RELIGION

Supreme Court rules for Arizona church in sign law dispute; debate over fallout from decision

FILE - In this Jan. 12, 2-15 file photo, Good News Community Church Pastor Clyde Reed talks to reporters outside the Supreme Court in Washington. The Supreme Court ruled Thursday for an Arizona church in a dispute over a town's sign law in a decision that three justices said could threaten municipal sign regulations across the country. The church is led by Reed and serves roughly 30 adults and up to 10 children, but lacks a building of its own. The church and Reed sued Gilbert for treating religious groups more severely than others in violation of the First Amendment’s guarantee of religious freedoms. (AP Photo/Susan Walsh, File)

FILE - In this Jan. 12, 2-15 file photo, Good News Community Church Pastor Clyde Reed talks to reporters outside the Supreme Court in Washington. The Supreme Court ruled Thursday for an Arizona church in a dispute over a town's sign law in a decision that three justices said could threaten municipal sign regulations across the country. The church is led by Reed and serves roughly 30 adults and up to 10 children, but lacks a building of its own. The church and Reed sued Gilbert for treating religious groups more severely than others in violation of the First Amendment’s guarantee of religious freedoms. (AP Photo/Susan Walsh, File)  (The Associated Press)

The Supreme Court ruled Thursday for an Arizona church in a dispute over a town's sign law in a decision that three justices said could threaten municipal sign regulations across the country.

The court unanimously agreed to strike down a law in Gilbert, Arizona, that set tougher rules for signs that direct people to Sunday church services than for signs for political candidates and real estate agents.

But the justices divided over why the law violated the rights of the Good News Community Church.

The church complained that the law forced the church to put up smaller signs than those for political candidates, real estate agents and others. The church's signs also could be in place for short periods of time.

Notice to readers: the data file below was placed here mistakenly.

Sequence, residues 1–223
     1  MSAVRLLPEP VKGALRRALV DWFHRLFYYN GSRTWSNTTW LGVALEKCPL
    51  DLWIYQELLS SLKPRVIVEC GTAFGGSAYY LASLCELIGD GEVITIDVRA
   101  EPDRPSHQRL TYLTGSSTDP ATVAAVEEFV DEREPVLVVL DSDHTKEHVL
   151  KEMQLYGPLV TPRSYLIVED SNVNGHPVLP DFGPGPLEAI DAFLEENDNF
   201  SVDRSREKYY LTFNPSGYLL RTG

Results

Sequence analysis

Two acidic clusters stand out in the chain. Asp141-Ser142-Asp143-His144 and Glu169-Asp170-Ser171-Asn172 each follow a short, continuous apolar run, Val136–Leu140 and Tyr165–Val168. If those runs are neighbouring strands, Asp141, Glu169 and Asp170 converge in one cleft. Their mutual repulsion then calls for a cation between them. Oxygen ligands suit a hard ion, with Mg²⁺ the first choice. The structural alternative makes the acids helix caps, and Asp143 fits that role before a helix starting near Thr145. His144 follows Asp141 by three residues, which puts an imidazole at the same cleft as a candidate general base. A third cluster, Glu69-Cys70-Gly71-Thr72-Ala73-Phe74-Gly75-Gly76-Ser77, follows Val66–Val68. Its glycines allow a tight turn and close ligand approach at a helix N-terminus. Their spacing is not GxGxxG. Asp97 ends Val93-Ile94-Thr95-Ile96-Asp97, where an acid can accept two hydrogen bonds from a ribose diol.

Lower federal courts upheld the town's sign ordinance, saying the distinction it drew between different kinds of temporary signs was not based on what a sign said.

But Justice Clarence Thomas rejected that argument in his majority opinion for six of the nine justices. Thomas said political signs are "given more favorable treatment than messages announcing an assembly of like-minded individuals. That is a paradigmatic example of content-based discrimination." Under the rigorous review the court gives to laws that treat speakers differently because of content, the law must fall, he said.

Justice Elena Kagan said she fears that all sign ordinances now will have to face the same strict review and many "are now in jeopardy" because of Thursday's decision.

There was a narrower way to decide the case in the church's favor, Kagan said. The town's defense of its sign ordinance was marked by the "absence of any sensible basis" for distinguishing between signs and did not pass "even the laugh test," she said.

Justices Stephen Breyer and Ruth Bader Ginsburg joined Kagan's opinion.